The four pillars envisaged under the Insolvency and Bankruptcy Code, 2016, are now in place:
- A regulator, the Insolvency and Bankruptcy Board of India (IBBI);
- Adjudicating authorities (AA), the National Company Law Tribunal (NCLT) and debt recovery tribunals (DRTs);
- Information utilities (IUs); and
- Insolvency professionals (IPs).
These four pillars are required for the resolution and insolvency process under the code.
In order to create the information infrastructure needed to effectively pursue the essence of the code, the NCLT granted registration to National e-Governance Services Limited (NeSL) under section 210 of the code, to render services as an IU, including core services as defined under section 3(9) of the code. NeSL is a step towards providing authentic information to the parties concerned and the AA to ensure sound and time-bound completion of the insolvency and bankruptcy process.
As per section 3 of the code, core services means the services rendered by an IU for: (a) accepting electronic submission of financial information in a specified form and manner; (b) safe and accurate recording of financial information; (c) authenticating and verifying the financial information submitted by a person; and (d) providing access to information stored with the IU to persons as may be specified.
In order to provide early and effective resolution under the code, the AA will require authentic information having evidentiary value in the eyes of law. It is intended under the code that any information provided by an IU will be admitted by the AA as conclusive evidence.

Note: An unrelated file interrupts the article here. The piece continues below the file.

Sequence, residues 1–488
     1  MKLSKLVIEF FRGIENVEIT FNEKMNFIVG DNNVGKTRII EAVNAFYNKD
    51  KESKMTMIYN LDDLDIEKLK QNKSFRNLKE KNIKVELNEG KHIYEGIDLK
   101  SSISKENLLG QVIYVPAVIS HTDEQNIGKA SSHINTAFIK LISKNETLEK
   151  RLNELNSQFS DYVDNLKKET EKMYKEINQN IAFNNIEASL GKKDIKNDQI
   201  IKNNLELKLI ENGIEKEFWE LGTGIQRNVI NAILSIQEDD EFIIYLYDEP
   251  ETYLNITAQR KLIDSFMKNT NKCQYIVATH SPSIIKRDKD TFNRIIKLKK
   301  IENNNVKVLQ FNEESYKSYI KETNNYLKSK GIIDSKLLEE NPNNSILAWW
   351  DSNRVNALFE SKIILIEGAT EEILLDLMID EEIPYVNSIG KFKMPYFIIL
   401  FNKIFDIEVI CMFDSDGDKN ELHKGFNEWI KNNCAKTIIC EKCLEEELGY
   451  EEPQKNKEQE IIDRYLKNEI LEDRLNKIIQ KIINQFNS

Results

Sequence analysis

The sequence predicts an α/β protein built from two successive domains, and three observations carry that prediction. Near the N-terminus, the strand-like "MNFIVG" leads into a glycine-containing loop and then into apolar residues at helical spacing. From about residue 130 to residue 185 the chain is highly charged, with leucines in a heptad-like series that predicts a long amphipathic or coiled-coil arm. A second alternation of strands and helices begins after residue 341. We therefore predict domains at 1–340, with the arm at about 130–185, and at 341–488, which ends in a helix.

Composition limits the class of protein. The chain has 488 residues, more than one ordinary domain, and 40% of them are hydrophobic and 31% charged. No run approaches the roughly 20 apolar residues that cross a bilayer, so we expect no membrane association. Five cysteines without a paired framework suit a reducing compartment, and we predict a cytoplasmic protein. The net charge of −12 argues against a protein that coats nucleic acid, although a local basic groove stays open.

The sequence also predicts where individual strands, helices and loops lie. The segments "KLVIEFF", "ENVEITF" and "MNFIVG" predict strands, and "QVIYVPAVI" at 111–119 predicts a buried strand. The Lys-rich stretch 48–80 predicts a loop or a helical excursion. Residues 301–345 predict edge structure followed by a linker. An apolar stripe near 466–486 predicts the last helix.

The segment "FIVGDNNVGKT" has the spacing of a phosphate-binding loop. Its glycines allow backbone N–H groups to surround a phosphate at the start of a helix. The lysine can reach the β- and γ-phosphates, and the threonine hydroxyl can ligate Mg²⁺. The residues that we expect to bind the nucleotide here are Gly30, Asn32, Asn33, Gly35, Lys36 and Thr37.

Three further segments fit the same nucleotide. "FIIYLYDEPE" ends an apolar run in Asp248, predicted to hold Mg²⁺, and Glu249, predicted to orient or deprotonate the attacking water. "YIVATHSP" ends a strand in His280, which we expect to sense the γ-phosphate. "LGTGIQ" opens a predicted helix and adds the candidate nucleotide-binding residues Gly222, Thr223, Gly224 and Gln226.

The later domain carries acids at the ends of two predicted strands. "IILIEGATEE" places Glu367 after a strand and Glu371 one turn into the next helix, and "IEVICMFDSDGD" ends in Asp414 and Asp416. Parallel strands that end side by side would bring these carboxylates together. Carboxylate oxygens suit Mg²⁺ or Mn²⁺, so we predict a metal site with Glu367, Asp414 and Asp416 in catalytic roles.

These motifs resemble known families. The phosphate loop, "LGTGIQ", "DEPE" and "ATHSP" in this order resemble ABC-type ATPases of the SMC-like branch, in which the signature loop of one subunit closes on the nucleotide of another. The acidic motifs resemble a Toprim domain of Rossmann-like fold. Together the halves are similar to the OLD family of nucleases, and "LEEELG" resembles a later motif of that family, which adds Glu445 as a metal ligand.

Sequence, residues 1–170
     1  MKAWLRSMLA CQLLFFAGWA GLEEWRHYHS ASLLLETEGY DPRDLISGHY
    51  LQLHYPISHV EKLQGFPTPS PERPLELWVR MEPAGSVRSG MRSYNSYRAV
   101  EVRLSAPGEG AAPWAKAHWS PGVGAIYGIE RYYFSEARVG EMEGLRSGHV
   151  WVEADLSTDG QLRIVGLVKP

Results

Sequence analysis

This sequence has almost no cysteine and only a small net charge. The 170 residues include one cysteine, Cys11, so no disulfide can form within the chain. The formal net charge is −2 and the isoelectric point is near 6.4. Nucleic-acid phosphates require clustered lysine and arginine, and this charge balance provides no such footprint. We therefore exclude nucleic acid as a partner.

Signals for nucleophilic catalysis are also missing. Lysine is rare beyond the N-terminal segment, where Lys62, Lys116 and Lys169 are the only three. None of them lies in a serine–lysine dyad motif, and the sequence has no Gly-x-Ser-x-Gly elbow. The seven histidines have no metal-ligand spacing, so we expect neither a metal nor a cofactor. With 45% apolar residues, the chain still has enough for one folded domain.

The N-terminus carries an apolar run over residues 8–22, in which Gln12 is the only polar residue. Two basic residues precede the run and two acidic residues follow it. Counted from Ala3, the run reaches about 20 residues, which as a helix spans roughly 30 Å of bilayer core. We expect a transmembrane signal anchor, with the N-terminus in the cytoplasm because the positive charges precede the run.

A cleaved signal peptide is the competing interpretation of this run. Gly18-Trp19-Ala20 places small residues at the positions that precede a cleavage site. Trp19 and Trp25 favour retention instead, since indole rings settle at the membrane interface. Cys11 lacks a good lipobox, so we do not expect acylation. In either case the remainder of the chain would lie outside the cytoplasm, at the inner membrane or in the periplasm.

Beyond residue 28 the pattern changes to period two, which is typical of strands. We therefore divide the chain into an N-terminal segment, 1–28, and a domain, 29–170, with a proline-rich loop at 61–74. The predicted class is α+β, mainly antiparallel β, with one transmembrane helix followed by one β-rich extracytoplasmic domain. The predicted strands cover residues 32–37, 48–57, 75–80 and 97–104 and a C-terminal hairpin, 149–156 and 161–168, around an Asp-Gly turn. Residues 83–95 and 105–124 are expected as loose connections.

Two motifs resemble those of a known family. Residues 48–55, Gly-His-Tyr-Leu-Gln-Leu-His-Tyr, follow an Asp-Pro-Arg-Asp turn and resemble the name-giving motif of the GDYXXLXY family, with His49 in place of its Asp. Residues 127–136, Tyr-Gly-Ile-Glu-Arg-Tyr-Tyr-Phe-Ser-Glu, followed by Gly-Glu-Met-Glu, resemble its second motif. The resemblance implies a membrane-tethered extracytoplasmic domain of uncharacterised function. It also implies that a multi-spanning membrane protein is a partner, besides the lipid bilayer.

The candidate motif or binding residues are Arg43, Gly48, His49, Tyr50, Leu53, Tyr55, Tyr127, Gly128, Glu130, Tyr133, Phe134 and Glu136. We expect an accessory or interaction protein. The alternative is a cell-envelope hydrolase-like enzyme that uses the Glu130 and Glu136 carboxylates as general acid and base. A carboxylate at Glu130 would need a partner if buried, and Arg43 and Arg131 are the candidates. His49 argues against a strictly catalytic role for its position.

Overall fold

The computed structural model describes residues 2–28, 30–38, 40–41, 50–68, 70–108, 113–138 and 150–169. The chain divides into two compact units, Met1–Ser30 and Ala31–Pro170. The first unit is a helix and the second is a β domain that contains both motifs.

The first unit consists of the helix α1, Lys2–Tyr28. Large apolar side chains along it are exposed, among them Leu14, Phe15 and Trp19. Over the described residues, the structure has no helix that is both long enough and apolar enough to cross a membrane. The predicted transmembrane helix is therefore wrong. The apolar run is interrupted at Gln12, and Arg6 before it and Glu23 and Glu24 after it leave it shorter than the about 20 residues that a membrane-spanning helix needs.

It is important to understand who can submit information to an IU and how the information is authenticated to achieve admissibility as evidence.
The code has established a multi-layered mechanism to achieve this objective including the following:
- The IU will accept financial information electronically in the specified manner only;
- A person will need to register with the IU for submitting and updating information with the IU; and
- Before storing any information in its database the IU will get it authenticated by all concerned parties.
Further, under regulation 13 of the IBBI (Information Utilities) Regulations, 2017, in order to ensure the evidentiary value of the information stored with an IU, the IBBI may lay down technical standards to be complied with by the IU, in relation to submission of information, identification and verification of persons, authentication of information, verification of information, data integrity, etc.
It is pertinent to note from the report of the working group on IUs that before any information is stored with an IU, the evidentiary value of such information should not be diluted. Also, from a joint reading of section 3(9)(c) and section 214(e) of the code it can be observed that all the information stored by the IU will have to be authenticated and verified by all the concerned parties before it is stored in the IU’s database.
The regulations also enable the IU to import information from such registries as may be notified by the IBBI from time to time. The information so imported must be in compliance with the requirements set out in section 3 of the code. The IBBI has not yet notified any such registries or laid down any technical standards.
In order to provide effective and efficient information infrastructure, it can be expected that the IBBI will notify registries for importing information as well as issue technical standards to strengthen the ability of IUs to provide a robust information infrastructure for a time-bound resolution and insolvency process.
As insolvency law is evolving in India, the information infrastructure is also in a transition period and evolving, and its operational procedures are taking shape rapidly. Recently the IBBI has eased the norms for the shareholding and voting structure for the establishment of IUs under the code.
Keeping in mind the size of stressed banking assets in India, and with the significant increase in the number of cases under the code in the recent times, it is expected that more IUs will emerge to provide a competitive and robust information infrastructure for the resolution and insolvency process in India.
SNG & Partners has offices in Delhi, Mumbai, Singapore and Doha. Rahul Sud is an of counsel. Satish Anand Sharma is a senior associate and a qualified insolvency professional.
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